For towns in Eastern Massachusetts the FY 11 ranking is Sharon, Bolton, Wayland, Amesbury, Westboro, Acton, Holliston, Sherborn.

      What a difference a couple of years make. In FY 09, Wayland's residential tax rate ranked number 12 in the state, and fifth in eastern Massachusetts behind Sharon, Acton, Amesbury, and Sherborn.

      For information on property assessments and abatements see:

      -- WVN Staff


      Monday Jan. 10, 7:05 p.m. The Board of Public Works will hear from a consultant engaged to make recommendations on water rates. There will be no public comment at this meeting. A rate hearing is expected to be scheduled in the next four weeks. Some users have expressed concern about such things as the current flat surcharge.


      In 2010 Wayland faced challenges including flooding and fiscal pressures. On the positive side, construction of the new high school began.

      Below, in no particular order, are accomplishments that received less attention but are worth noting as the work of the new year begins.

      -- The town's new $10.8 million Baldwin water treatment plant became fully operational.

      -- The Master Plan advisory committee completed two years worth of work and delivered the updated plan to the Planning Board.

      -- The Route 20 bridge project was completed, including a new boat launch and landscaping.

      -- The Landfill became a transfer station and completed its first year of "pay as you throw."

      -- The Surface Water Quality Committee successfully managed invasive weeds with a variety of techniques.

      -- The Board of Health and nurses worked intensely to address H1N1 flu.

      -- The Beautification Committee continued its work, proving it possible to do more with less.

      -- The Recreation Commission completed a Master Plan Field Study to help plan to meet town's future athletic needs.

      -- The Town Clerk's office successfully managed six elections, far above the norm.

      -- RTA (the RIDE) bus service began stopping in Cochituate.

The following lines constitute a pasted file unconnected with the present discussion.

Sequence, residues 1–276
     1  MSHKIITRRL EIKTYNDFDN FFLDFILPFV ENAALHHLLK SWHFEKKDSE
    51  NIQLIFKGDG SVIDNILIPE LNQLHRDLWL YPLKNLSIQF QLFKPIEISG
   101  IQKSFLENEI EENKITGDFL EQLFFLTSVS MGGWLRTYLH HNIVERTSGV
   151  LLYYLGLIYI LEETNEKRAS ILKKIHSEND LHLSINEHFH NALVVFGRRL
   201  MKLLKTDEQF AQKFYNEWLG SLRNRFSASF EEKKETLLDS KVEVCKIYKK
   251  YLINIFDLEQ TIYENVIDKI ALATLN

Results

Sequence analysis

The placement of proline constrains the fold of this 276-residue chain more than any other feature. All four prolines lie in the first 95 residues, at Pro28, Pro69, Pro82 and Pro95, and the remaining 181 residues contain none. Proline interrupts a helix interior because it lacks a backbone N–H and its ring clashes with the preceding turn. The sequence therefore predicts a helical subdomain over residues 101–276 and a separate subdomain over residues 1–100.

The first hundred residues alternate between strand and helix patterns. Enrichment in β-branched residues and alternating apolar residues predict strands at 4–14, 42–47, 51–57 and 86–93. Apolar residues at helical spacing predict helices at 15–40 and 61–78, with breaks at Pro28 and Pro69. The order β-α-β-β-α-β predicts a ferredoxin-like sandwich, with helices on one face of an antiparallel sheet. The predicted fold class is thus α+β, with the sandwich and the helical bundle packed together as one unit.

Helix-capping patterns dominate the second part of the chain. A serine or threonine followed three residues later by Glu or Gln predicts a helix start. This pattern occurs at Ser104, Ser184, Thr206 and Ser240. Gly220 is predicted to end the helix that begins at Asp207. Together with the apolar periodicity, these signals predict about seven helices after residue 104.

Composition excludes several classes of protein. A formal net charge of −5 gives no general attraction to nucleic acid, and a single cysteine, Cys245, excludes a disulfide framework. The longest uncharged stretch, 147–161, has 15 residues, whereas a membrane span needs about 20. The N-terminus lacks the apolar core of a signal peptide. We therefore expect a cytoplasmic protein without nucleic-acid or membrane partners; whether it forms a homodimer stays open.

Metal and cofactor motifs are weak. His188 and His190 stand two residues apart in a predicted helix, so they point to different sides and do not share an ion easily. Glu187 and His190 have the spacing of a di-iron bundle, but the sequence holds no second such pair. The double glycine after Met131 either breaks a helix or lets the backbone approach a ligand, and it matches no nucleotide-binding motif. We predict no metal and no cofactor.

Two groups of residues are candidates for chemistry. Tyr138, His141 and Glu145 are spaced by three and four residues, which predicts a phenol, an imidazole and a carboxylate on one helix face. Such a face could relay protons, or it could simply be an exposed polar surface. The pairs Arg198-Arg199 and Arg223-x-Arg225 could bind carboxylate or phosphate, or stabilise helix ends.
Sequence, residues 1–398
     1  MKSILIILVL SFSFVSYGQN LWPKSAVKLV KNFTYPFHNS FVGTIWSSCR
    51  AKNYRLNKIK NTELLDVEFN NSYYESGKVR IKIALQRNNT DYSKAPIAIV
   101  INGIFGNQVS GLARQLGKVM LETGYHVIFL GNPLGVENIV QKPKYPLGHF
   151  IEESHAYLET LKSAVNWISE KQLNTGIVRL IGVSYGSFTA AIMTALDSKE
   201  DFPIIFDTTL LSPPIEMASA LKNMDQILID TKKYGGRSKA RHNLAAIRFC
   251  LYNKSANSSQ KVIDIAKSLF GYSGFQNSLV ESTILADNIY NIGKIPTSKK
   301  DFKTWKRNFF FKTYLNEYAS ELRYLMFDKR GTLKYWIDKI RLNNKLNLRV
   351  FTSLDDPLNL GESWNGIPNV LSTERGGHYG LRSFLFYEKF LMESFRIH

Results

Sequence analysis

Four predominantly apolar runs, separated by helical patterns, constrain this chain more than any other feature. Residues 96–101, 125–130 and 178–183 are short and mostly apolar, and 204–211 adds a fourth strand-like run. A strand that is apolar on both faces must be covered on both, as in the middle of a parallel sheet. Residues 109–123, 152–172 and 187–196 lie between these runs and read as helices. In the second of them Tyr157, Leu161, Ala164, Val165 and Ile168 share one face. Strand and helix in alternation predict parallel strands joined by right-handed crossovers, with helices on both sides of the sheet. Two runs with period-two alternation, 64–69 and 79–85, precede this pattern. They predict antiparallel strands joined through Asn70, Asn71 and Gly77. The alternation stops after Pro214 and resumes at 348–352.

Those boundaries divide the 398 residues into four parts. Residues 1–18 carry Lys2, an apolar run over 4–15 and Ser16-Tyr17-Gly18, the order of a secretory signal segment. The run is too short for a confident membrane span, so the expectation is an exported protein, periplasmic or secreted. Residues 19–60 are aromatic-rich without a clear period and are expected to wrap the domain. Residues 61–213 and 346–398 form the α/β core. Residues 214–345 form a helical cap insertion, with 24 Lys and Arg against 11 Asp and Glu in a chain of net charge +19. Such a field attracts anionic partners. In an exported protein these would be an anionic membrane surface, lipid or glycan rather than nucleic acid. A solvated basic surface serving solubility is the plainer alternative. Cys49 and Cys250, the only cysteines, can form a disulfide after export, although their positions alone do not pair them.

-- PILOT (Public Independent Living Options Team) announced organizational steps to provide important services to seniors.

      -- Town Meeting supported the first Habitat for Humanity housing project in Wayland.

      -- The Assessors' office reorganized and is contracting for a long-awaited full list and measure of properties.

      -- Wayland Angels continued to provide vital services while expanding into the Neighborhood Brigade.

      -- The Wayland Charitable Committee provided vital financial aid to those in need as the renamed Wayland Community Fund.

      -- Wayland students and adults organized and held a successful first Annual Earth Day.

      -- WayCAM built support for the cable TV studio to remain at Wayland High School. A unanimous fall Town Meeting vote gave authority to the selectmen to lease the Weight Room, creating a chance to make a lease proposal.

      -- WVN Staff


      Deadline to submit warrant articles for the spring Annual Town Meeting is
      Tuesday Jan. 18 at 4:30 p.m.

      Nomination papers are available for local town election. Link to the schedule for election and Town Meeting process

      You can read all previous WVN newsletters at:
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      Wayland Voters Network
      Michael Short, Editor